THIS WEEK IN COMICS! (3/31/10 – Human War! Robot War! FORMAT WAR!!)
Tuesday, March 30, 2010
Last week I picked up another fine artifact from the centuries-spanning Fantagraphics empire, this time on the sound recommendation of Milo George – Doofer: Pathway to McEarth, a magazine-sized 1992 comic book primarily written and illustrated by the late Paul Ollswang, working with Taft Chatham & James Carpenter, all authentic “Oregon Hippes,” goes the back of the book. I’d say they don’t make ’em like this anymore, but they barely made ’em at all back then, unless I’ve missed some rich vein of socio-political-sci-fi satire-by-way-of-’60s-underground-homage-by-way-of-early-20th-century-Sunday-funnies running circa the Image Revolution. This actually might be the all-around least fashionable comic of ’92, which naturally makes it an eminent candidate for revisitation.
And what a strange and compelling thing it is: an ostensible prelude to a four-issue miniseries titled McEarth, Fast-Food Planet (never published in any form, as far as I know), the book compacts a hodgepodge of verbally fussy, philosophically digressive pun-laden strips from as far back as 1982 with a text-heavy comics ‘documentary’ on the mundane-fantastical Doofer, OR, from the pages of Fantagraphics’ own Graphic Story Monthly, sealed up with radio commentary from high above space-time and cruised-through by town mayor Obie Jacoby, a possible Ollswand stand-in. We’re told with winning prescience that by far-off 1997 an “information revolution” had united Earth into an interconnected mind that somehow got collectively dumber, and a tipping point was reached with the introduction of “Google-Ooh’s”(!!), the advertising jingle for which became a terrorist weapon capable of holding a listener forever in its catchy thrall, not very much at all unlike the titular amusement of the late David Foster Wallace’s 1996 novel Infinite Jest.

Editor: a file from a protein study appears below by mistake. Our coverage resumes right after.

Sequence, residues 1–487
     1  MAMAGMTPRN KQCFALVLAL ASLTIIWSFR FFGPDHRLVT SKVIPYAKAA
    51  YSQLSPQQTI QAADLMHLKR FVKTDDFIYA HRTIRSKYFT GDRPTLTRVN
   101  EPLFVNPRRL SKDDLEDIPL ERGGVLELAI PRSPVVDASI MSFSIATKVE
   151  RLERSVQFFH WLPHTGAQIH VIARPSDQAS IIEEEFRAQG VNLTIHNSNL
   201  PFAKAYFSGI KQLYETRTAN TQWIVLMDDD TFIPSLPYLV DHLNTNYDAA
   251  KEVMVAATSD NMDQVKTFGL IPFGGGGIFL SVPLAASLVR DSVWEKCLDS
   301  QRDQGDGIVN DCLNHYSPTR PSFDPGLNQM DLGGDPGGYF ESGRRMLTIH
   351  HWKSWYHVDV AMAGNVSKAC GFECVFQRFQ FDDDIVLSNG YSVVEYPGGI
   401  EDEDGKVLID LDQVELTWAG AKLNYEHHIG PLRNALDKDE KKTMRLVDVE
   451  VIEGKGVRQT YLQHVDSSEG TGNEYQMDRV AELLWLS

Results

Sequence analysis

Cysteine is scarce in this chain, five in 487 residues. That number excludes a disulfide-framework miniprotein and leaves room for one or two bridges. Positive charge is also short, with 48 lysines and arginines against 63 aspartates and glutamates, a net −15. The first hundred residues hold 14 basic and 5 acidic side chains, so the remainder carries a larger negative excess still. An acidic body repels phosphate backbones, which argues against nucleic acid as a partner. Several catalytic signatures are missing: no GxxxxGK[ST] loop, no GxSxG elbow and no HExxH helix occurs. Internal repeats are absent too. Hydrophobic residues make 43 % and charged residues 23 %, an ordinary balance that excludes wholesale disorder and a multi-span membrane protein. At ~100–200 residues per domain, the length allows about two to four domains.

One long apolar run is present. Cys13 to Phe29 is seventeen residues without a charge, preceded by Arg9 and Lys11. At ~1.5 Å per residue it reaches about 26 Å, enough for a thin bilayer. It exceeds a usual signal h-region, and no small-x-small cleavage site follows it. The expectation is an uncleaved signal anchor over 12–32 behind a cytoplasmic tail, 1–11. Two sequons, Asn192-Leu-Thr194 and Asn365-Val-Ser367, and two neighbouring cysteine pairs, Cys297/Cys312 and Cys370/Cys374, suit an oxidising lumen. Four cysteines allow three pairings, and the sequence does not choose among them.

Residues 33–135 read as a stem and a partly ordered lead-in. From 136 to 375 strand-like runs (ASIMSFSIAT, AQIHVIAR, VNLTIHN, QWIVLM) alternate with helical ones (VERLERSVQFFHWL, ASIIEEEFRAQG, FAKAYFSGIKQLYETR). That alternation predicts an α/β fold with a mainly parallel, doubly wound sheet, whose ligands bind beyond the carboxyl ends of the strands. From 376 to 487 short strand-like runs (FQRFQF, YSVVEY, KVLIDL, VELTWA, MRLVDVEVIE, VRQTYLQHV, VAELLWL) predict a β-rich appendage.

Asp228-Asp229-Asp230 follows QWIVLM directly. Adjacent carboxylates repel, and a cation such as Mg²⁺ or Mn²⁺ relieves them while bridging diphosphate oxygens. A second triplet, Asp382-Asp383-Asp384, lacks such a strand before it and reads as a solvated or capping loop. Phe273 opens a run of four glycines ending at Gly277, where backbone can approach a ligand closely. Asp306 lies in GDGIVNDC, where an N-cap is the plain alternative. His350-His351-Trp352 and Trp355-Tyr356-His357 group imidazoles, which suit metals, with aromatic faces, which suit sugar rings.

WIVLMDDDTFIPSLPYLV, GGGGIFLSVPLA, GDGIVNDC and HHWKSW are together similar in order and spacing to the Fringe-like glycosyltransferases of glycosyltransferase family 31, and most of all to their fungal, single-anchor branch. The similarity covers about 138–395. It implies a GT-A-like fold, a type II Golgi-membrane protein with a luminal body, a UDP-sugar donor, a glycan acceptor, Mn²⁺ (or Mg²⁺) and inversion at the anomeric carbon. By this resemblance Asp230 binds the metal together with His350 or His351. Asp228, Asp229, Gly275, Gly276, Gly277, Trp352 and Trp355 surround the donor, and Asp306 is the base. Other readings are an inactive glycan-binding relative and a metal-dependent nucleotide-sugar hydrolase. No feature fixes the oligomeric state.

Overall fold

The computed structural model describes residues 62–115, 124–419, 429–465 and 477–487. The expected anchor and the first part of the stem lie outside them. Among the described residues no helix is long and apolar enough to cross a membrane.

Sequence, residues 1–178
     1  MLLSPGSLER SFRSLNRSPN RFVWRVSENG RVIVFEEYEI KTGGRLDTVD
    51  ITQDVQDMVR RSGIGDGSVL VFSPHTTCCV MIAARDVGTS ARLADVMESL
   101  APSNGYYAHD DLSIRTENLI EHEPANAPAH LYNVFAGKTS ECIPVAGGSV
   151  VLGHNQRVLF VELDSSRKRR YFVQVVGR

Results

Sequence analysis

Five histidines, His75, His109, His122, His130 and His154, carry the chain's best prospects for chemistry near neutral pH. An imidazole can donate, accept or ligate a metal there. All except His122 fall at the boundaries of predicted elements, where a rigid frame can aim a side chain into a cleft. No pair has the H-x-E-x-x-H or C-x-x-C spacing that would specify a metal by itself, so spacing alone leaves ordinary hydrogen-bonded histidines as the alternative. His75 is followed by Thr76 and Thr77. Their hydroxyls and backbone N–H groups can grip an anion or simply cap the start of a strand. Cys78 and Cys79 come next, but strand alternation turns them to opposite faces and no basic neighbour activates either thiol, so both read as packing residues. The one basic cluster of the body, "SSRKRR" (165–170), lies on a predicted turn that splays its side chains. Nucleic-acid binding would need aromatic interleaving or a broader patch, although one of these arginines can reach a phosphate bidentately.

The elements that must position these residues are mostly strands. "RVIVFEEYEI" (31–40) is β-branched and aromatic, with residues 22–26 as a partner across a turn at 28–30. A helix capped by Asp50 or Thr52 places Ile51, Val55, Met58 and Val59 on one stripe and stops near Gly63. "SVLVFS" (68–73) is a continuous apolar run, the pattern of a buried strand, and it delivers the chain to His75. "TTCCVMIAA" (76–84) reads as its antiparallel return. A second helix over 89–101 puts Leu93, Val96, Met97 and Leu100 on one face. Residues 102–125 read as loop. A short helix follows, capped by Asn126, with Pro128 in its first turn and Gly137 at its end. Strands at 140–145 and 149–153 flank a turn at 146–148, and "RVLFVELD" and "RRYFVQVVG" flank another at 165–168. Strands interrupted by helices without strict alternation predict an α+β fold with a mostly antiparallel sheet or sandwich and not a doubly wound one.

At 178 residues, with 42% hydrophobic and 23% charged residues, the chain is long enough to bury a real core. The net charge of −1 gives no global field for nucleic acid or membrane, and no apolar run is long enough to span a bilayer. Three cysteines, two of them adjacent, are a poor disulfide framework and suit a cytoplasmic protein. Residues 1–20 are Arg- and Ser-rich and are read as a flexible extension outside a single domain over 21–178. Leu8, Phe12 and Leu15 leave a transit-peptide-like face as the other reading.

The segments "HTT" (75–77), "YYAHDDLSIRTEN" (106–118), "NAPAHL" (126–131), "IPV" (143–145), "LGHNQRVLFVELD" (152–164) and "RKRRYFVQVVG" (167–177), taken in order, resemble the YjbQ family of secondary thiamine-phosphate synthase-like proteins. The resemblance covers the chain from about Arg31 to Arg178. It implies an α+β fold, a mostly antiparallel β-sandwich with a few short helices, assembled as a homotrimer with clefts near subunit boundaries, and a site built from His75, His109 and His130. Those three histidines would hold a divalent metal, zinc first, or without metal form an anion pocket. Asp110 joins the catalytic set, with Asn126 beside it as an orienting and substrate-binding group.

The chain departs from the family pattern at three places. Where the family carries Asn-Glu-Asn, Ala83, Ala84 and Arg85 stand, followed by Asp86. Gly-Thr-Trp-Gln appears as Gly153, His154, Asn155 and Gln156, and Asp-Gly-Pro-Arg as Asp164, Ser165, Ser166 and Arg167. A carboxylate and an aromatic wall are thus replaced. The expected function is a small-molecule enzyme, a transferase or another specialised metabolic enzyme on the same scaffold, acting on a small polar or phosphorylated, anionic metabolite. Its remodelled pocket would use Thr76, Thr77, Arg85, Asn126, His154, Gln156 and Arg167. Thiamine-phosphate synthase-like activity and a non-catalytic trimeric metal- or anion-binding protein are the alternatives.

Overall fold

But while Doofer is likewise dense with concern for the overload of manufactured narratives that is its parodic future, it’s more than happy to hang above the real strife, positioning itself as a fond, scatterbrained account of something that used to bedevil blinkered humans as well as less pliable funny animals, like fast-talking heron Slocni and ex-Weather Underground pup Rube, who grow misty over the revolutionary potential of the ’60s while under educational film surveillance. They seem even older, in that Ollswang (who credits Carpenter with “all of the difficult drawings”) works in a mannered, cohesive style suggestive of some lost-to-time gang of Hearst players dragged into a twilight of crosshatched silhouette. And dig the lettering!
As I mentioned above, nothing more was seen of Doofer, although Ollswang put out two issues of a separate series titled Dreams of a Dog with Rip Off Press, along with various anthology contributions and small works. I can’t say the saga had much (really any) time to take off, but what we’ve got is endearing in its off-handed ambition wedded to a distinctly regional flavor and, sure, a definite nostalgia for things, cast more as fuzzy recollections from well outside of dictated history. So, out of style.
Now for some current well-hyped selections. “It’s gonna be okay – & everything is going to be made completely out of electricity!!”
It Was the War of the Trenches: Incidentally, I have all those old copies of Graphic Story Monthly – bought ’em strictly for Jacques Tardi, whose Léo Malet adaptation Fog Over Tolbiac Bridge was serialized therein. You can make a good ongoing project of collecting the random Tardi pieces scattered to the four winds – few artists possess dual OG certification with RAW and Heavy Metal, but that’s how long and hard publishers have been trying to break Tardi in with North American audiences. This 120-page, 7.75″ x 10.5″ hardcover is part of Fantagraphics’ latest crack, soon to be bolstered(?) by Luc Besson, here compiling & completing one of the big ‘how has this not been compiled/completed?’ projects for anyone that’s read Drawn and Quarterly: a human patchwork of WWI service, perhaps the artist’s keystone work, composed intermittently between 1982 and 1993. Samples are here, and background info is here; $24.99.